Tiger Woods: “The Best to Ever Do It”


Ethan Roberts, Staff Writer

Tiger Woods: a legend, the G.O.A.T, the most dominant athlete ever. These all are phrases that have been used to describe the single greatest golfer to ever step on the course.

To understand how Tiger got to this point, let me take you back all the way back to December 30, 1975, with the birth of Eldrick Tiger Woods. We didn’t know it then, but the world of golf would never be the same. One day in 1976, Tiger saw his dad hitting golf balls into a net and stood to the side, imitating his swing. That was when he fell in love with the game.

After starting to play on his own, his incredible natural skill and talent landed himself in the public eye. He appeared on The Mike Douglas Show at the age of 2 years old. He was shooting under 48 on 9 holes at 3 years old, and when he turned 5, he appeared on Golf Digest and the TV show That’s Incredible. Tiger was a standout talent from the day he could walk, with his dad teaching and mentoring him every step of the way. Growing up in Cypress, California, golf was a year-round occurrence for Tiger. He played in all of his free time, before and after school. His love for the game was unmatched. At the age of 8 he played and won a Junior World Golf Championship. In 1991, at the mere age of 15, he became the youngest player to ever win a U.S. Junior Amateur Championship. He then went on to win again in 1992 and 1993.

In 1994, after his great U.S. Junior Am run, he accepted a full ride scholarship to play at the University of Stanford, a legendary golf program. It was that same year in 1994 where Tiger changed the meaning of dominance. He won three straight U.S. Amateur championships in 1994, 1995, and 1996, a feat nobody else has ever accomplished. He also became the youngest player to ever win a U.S. Am, at 18 years old in 1994. In total, Tiger won 6 straight national amateur championships. In 1995, Tiger played as an Amateur in the Masters, the most prestigious golf tournament there is. A year later, in 1996 Tiger won the collegiate national championship for Stanford.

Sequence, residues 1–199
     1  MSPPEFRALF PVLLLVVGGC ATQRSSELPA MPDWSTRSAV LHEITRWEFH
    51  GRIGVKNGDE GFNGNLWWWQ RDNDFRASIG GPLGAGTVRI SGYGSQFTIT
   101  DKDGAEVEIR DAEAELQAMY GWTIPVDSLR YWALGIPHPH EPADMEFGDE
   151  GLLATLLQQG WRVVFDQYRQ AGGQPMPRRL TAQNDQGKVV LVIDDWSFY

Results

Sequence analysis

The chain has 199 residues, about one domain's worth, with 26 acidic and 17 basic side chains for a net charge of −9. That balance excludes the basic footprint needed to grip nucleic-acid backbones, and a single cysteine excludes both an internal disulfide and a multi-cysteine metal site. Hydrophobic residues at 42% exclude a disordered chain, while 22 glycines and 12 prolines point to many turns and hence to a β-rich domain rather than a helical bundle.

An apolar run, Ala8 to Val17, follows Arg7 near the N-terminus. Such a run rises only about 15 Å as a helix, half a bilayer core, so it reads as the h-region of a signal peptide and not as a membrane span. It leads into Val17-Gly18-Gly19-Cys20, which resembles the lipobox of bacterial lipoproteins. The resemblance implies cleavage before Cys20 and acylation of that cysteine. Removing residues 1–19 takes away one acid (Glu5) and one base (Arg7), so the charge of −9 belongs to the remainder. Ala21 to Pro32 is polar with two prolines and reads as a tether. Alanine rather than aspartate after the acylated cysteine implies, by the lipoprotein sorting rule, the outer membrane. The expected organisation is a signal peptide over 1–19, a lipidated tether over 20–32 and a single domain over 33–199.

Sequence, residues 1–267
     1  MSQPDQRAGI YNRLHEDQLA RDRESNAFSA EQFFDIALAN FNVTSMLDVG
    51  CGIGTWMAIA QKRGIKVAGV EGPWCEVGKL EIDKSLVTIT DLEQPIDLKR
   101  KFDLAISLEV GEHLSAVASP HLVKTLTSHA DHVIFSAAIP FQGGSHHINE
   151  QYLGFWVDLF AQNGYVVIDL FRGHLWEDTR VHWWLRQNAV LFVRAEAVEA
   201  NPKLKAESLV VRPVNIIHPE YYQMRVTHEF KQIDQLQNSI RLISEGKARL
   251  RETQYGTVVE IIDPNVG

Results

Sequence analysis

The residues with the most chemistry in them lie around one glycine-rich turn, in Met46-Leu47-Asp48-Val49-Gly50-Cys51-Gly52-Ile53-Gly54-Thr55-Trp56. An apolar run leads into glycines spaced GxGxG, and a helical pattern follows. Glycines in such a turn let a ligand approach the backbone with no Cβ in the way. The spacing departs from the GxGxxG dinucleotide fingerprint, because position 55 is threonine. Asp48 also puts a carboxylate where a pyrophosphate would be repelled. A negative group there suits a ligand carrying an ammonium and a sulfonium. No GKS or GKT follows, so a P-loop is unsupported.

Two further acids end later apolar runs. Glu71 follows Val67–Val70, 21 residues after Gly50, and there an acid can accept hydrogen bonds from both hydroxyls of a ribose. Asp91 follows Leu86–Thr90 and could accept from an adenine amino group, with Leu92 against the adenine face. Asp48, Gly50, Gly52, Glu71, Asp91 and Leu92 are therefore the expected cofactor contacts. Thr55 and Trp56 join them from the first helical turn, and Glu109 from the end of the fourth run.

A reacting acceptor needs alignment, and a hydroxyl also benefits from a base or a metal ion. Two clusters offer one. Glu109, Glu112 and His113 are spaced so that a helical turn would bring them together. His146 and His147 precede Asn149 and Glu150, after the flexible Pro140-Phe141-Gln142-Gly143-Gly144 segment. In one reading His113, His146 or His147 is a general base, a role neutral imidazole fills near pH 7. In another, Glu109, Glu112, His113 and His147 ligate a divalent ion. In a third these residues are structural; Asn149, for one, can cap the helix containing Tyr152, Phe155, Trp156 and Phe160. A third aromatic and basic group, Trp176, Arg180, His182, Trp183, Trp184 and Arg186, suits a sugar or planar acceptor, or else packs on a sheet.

After he left college, Tiger began his professional career when he turned pro in August 1996. It was that same year when he won his first professional tournament at the Las Vegas National. In that same rookie season, he was named “Sportsman of the Year” by Sports Illustrated. In his first seasons, he was physically dominant, with an athletic build and a frame over six feet tall. He mastered his swing to consistently hit the ball over 300 yards, the longest on tour at that point.

Over Tiger’s entire career, he accomplished feats we had never seen before and may never see again. He overcame great adversity throughout his career in order to achieve these accomplishments. He has won 15 majors (4 PGA Championships, 3 U.S. Open Championships, 3 Open Championships, and 5 Masters Championships.) This puts him 2nd all time in majors won. More incredible however, are his 67 other career wins, placing him at the top of the all-time wins list with 82. In 359 tournaments with 82 wins, he created a career win rate of 22.8%, the highest we have ever seen.

Most notably in recent years, Tiger has overcome much adversity. He endured six surgeries on his back and knees and was also arrested for a DUI and reckless driving. However, he managed to put everything behind him and return his focus to golf. Most recently, he finished an amazing story after coming back to win the 2019 Masters Championship following his recent surgeries. That was his last win to date.

Sadly, in early 2021, he was a part of a tragic accident that left him unable to walk. That didn’t stop him, however. His drive and determination to get better has paid off. By the end of 2021 he wasn’t just walking, he was playing again. In the 2021 PNC Championship, Tiger played with his son Charlie, where they placed 2nd behind John Daly’s team. With these new appearances, we hope to have Tiger back next year, though he has said he will likely never be able to play full time golf ever again.